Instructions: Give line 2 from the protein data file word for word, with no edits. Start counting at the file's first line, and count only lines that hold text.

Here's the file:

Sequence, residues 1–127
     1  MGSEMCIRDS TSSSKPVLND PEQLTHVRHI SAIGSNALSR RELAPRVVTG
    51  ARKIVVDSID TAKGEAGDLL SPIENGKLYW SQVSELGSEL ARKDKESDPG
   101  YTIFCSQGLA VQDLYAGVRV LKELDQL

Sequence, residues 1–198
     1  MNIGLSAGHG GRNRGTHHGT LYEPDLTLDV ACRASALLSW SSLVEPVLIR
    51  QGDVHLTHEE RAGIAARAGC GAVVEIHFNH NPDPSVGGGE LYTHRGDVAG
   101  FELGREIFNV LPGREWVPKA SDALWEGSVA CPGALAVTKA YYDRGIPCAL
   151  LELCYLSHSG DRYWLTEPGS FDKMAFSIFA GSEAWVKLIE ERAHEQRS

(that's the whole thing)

     1  MGSEMCIRDS TSSSKPVLND PEQLTHVRHI SAIGSNALSR RELAPRVVTG